Many people use Microsoft SharePoint regularly.  You click on a document and up pops MS Word or several other tools that are WebDAV compliant.  Most systems have standard authentication so you get a username, password challenge and now MS Word stores directly to the server and can do neato things like checkout the document so no one else can modify until you checkin.

There is a little slight of hand going on here.  On most sites if you click on a document you get a download to your machine that you may open directly.  The server does download the document to a temp space and Word opens the file in your temp space.  There is no connectivity to the server, no save to server, checkout, etc…

To do this you can use either an activex control or a shared web folder.  But you didn’t do either of those things, so how did it work?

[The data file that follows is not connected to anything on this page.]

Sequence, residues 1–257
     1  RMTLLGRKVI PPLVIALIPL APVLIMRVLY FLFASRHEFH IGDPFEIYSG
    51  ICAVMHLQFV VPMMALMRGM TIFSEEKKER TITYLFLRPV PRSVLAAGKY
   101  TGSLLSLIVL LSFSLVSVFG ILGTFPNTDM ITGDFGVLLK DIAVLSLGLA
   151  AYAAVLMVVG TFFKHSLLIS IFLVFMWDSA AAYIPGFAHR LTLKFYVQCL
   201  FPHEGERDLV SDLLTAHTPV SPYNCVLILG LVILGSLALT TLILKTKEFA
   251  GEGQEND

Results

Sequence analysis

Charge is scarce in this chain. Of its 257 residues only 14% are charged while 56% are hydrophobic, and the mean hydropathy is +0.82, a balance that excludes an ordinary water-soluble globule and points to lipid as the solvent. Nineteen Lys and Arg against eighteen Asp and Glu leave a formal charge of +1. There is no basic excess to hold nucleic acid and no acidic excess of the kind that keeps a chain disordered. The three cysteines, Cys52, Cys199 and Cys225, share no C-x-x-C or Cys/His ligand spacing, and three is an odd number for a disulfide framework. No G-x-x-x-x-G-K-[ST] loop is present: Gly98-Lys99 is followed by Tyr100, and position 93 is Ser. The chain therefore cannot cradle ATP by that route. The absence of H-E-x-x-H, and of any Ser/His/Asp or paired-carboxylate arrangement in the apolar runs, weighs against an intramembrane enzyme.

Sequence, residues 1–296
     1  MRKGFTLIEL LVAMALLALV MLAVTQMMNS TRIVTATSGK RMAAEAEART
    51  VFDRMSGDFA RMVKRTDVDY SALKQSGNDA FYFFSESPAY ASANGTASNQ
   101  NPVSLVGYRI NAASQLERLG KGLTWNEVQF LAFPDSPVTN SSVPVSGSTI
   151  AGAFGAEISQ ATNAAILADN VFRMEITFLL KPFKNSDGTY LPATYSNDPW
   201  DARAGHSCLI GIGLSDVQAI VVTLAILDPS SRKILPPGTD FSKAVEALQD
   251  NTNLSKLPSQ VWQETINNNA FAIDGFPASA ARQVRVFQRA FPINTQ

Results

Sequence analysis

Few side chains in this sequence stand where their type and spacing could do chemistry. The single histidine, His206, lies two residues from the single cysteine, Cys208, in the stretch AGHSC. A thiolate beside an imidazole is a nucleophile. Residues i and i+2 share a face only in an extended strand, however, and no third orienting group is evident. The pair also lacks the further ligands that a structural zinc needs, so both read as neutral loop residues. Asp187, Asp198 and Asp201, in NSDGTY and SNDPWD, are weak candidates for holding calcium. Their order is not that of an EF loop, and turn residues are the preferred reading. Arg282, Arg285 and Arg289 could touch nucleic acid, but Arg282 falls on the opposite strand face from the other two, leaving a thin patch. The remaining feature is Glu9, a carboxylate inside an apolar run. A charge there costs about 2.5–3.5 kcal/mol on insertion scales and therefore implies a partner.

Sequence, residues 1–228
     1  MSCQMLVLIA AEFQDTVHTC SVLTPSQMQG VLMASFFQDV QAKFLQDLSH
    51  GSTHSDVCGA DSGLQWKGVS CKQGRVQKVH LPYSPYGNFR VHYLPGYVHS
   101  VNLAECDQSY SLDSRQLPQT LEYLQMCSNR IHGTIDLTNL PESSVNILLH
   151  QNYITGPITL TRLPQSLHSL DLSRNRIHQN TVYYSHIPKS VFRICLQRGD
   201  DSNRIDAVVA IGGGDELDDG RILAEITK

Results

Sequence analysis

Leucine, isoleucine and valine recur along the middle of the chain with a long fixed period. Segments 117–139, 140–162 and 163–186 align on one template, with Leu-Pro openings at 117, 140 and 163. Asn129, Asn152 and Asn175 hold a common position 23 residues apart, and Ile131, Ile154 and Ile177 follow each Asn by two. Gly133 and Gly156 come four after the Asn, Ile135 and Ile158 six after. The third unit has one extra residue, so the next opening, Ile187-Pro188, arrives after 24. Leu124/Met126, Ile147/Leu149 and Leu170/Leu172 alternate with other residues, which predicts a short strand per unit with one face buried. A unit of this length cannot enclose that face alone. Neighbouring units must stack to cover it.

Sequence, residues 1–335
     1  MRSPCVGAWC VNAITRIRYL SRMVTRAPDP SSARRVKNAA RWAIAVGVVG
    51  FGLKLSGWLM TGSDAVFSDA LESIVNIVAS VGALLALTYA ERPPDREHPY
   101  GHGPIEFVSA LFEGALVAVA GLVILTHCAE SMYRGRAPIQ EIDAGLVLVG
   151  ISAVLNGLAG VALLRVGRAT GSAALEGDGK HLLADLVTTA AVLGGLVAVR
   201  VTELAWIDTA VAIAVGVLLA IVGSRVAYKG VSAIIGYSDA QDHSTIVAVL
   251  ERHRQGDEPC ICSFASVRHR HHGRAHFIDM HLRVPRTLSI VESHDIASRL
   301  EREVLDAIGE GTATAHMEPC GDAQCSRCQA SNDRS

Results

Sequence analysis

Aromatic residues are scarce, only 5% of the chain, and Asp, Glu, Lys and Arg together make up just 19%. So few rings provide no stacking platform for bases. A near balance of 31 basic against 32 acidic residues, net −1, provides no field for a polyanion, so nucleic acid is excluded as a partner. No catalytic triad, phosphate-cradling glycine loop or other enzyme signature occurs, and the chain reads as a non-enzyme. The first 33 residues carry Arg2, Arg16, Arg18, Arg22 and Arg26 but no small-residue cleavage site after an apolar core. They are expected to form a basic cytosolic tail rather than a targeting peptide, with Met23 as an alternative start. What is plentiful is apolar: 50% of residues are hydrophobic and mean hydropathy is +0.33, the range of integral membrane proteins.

It turns out if you installed MS Office 2003 or later or even a version of IE in the last several years you did install an activex control called OWSSUPP.DLL onto your machine.  It is a full blown activex control that lets sites that know about it, SharePoint and others, to code something like: activexControl.editDocument(http://server/document.doc) in the HTML page that gets sent to you.  And tada! Word opens, sees a web address for the document being opened and it asks the server, are you webdav, and you are off and running.

The activex control is called Microsoft SharePoint Client Support.  Since SharePoint appears to follow the webdav standard pretty closely you can take advantage of it and use it on your webdav server.  Generate a web page with an onclick event that calls upon the activex control to invoke your webdav server.

Of course this is limited to MS Windows clients running IE, but that is usually the biggest audience to begin with.